What does your heart look like?
With Halloween behind us my question is: Who is still wearing a costume? Who is still wearing a mask? I’ve come to realize throughout the years that many people, most people, wear different faces. Not to be hypocritical or deceptive, but out of necessity, out of fear, out of a need to cover up.
You have seen it on Sunday mornings at least once, or you have done it yourself. The argument you have with your spouse or kids in the parking lot of the church or on the trip to church and then suddenly you step out of the car and there is the pastor (or Mr. Deacon or Ms. Busybody) and the first thing you do is smile.
“Oh! It’s a glorious day.” And there is that face. That mask.
Maybe at work you have been boiling over with frustration, but had to put on your customer service face, because otherwise you would lose your cool and possibly your job.
How about that person who actually finds that what their child did was quite funny, yet when having it explained to them by the principal of the school, they look stern, disappointed and like a disciplinarian.
The point being, if you think about it hard enough, you have seen the masks that people wear. You know the masks that you wear.
In 1 Samuel 16 we find the story of Samuel being sent to anoint the future king to replace Saul. As each of the sons of Jesse of Bethlehem pass by Samuel, the Lord says to Samuel “The Lord does not look at the things people look at. People look at the outward appearance, but the Lord looks at the heart.” 1 Sam. 16:7.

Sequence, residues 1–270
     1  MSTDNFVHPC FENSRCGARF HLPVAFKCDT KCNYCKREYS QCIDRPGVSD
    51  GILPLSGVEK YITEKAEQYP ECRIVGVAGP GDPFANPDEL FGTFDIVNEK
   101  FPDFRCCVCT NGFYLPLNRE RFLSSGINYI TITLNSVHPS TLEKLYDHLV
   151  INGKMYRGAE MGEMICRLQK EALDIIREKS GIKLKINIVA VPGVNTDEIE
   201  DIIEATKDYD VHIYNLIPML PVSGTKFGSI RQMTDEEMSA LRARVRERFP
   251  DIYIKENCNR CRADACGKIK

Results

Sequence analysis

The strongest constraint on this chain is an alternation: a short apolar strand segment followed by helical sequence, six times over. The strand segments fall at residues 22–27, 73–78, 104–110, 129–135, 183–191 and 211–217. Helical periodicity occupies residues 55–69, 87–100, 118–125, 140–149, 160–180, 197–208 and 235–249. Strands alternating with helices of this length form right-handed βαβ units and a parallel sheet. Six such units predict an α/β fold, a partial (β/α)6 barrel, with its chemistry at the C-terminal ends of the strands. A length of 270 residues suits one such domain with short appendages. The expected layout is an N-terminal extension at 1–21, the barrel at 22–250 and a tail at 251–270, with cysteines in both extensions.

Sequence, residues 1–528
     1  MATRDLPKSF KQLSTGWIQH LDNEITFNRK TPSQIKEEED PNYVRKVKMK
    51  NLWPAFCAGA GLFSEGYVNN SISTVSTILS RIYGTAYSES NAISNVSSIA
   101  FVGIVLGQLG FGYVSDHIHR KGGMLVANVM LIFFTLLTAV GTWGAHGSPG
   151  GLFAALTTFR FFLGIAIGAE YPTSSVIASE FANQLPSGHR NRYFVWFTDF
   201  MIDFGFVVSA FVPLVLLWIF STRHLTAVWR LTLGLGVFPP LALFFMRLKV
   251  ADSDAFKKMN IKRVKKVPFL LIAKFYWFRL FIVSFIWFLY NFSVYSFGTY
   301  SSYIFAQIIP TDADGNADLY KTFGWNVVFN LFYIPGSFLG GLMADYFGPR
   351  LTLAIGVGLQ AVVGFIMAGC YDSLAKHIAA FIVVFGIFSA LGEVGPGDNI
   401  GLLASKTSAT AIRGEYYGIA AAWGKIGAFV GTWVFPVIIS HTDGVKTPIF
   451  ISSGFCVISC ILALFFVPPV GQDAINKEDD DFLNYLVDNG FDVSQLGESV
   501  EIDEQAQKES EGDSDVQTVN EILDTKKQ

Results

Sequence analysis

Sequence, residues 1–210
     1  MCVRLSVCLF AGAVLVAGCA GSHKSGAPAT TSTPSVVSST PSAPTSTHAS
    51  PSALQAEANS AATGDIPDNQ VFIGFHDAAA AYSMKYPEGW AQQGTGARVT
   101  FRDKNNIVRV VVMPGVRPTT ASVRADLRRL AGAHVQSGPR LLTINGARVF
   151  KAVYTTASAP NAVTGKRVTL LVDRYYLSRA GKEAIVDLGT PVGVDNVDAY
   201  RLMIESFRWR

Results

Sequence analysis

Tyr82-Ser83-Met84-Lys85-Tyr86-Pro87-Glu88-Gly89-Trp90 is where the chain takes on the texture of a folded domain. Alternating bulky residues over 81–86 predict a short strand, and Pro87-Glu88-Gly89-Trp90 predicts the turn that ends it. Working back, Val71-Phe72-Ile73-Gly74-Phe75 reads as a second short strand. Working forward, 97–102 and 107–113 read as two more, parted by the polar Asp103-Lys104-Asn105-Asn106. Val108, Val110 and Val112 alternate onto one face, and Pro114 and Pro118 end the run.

It was David who was selected by God. The shepherd in the field. The youngest. A man with his own personal issues and a man who would become a great king, but also who would eventually sin and fall away from God. 2 Sam. 11 & 12.
Remember that though we may put up a front for others to either make them feel comfortable or to make ourselves feel less uncomfortable, we have a God who knows our hearts. We have a God we cannot hide from. Though we may “put on our church face” to hide our hurt, our pain, our anger, our disappointment, God knows what is in and on our hearts. Masks do not help us when it comes to our Lord. God already knows what is taking place in our lives and He welcomes us to bring it to Him.
I hope and pray that each person has the courage, the humility and the honesty within them to be vulnerable and open with our Heavenly Father. Our God who is less concerned with what we want to show in appearance and more concerned with what our heart looks like. No need for masks or facades.
REV. BARRY VASSAR is pastor at Fitzgerald Memorial Baptist. He can be reached at firstname.lastname@example.org.